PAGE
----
Last year’s mask and jab tyrants now demand ‘respect’?

Special to WorldTribune, March 8, 2022

Commentary by Joe Schaeffer, 247 Real News

The “screw your freedom” contingent is now demanding respect for the blue-blanketed Linuses among us who continue to insist upon masking up as the coronavirus social curb regime slowly fades to black.

Whereas individuals should have the right to indulge their personal insecurities so long as it does not affect others, two years of brutal social tyranny in the name of “public health” have made it clear that this is not how it works.

Government and coercive private business muscle allowed people who fully acceded to having their lives be ruled by illogical fear to impose their compulsions on the rest of us. And so it is more than merely annoying that the same folks who openly mocked the rights of those who wanted to make an informed decision not to wrap a swath of plasticized fibers around their face are today assuming the role of delicate wounded birds, begging for understanding as they continue to perform their bizarre and socially hostile mask theater while clinging to their steadfast belief that they are our moral betters.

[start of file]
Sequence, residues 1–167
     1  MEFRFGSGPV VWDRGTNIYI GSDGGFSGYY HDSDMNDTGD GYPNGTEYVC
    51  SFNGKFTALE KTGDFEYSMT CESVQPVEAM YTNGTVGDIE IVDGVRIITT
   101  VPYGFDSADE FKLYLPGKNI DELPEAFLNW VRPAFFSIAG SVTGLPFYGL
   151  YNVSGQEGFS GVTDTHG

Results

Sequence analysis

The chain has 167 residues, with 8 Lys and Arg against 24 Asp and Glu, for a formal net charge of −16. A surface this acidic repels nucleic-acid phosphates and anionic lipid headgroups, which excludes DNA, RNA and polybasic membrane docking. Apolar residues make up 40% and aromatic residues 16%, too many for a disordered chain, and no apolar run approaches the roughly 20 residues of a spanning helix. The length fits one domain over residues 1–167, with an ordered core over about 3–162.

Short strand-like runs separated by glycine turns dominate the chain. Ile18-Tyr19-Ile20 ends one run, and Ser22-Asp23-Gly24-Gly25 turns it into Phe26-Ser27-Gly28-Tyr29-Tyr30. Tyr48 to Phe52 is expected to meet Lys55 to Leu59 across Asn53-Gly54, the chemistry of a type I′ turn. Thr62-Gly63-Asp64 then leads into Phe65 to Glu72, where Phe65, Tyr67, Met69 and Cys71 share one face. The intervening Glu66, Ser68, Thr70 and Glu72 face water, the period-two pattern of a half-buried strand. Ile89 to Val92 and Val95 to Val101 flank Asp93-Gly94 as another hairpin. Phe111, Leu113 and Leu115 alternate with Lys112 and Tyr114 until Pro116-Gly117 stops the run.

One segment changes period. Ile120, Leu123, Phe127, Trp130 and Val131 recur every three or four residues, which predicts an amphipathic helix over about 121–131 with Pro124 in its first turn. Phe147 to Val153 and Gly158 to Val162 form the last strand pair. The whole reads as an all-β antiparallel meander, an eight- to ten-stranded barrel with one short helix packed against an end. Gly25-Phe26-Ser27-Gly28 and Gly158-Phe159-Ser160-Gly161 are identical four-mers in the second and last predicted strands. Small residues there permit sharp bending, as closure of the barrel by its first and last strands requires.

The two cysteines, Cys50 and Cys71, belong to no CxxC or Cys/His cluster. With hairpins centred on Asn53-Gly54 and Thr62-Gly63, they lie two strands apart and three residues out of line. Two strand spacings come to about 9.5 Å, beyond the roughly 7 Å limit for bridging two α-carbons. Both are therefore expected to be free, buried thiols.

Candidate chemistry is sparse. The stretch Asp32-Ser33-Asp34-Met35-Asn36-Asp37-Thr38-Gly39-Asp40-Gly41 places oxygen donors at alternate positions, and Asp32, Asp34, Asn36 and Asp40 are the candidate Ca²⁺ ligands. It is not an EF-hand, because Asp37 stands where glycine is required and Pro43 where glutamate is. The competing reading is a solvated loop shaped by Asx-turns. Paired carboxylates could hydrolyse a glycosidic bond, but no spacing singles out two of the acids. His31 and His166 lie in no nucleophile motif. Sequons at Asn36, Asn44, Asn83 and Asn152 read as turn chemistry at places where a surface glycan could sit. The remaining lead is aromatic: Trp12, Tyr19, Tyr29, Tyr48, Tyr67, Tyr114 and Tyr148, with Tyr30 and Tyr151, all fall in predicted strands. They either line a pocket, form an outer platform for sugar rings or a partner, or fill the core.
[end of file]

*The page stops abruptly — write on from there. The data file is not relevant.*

The Seattle Times wrote in a March 7 editorial:

As Fred Hutchinson Cancer Research Center clinical research professor of vaccines and infectious diseases Dr. Joshua Schiffer said, the region is entering a “natural experiment” about whether ending the mask mandate will affect community spread. Self-determination just became a larger factor in the experiment.

Schiffer said he’ll continue wearing his mask, which is a well-informed decision that deserves respect. The end of the state mandate gives every resident and visitor the freedom to make a similar assessment of personal risk and act accordingly in public spaces. That situation should be accepted without confrontation. The workplaces and public spaces that continue to require masks and vaccinations as conditions of entry should have their policies respected for the same reasons.

This would be the same Seattle Times that wrote a charming Dec. 29, 2001 editorial titled “Employers must mandate vaccines”:

So, what can be done? It’s past time to admit that no amount of information, no recognition of the damage the virus can cause, will convince those who are able to be vaccinated but who have so far declined to do the right thing. This leaves vaccine mandates by employers as one of the few effective tools remaining to increase the vaccination rate.

When the choice is between hitting the road or taking the shot, a lot of people become more amenable to protecting public health.

My how the tone has changed in a little over a year.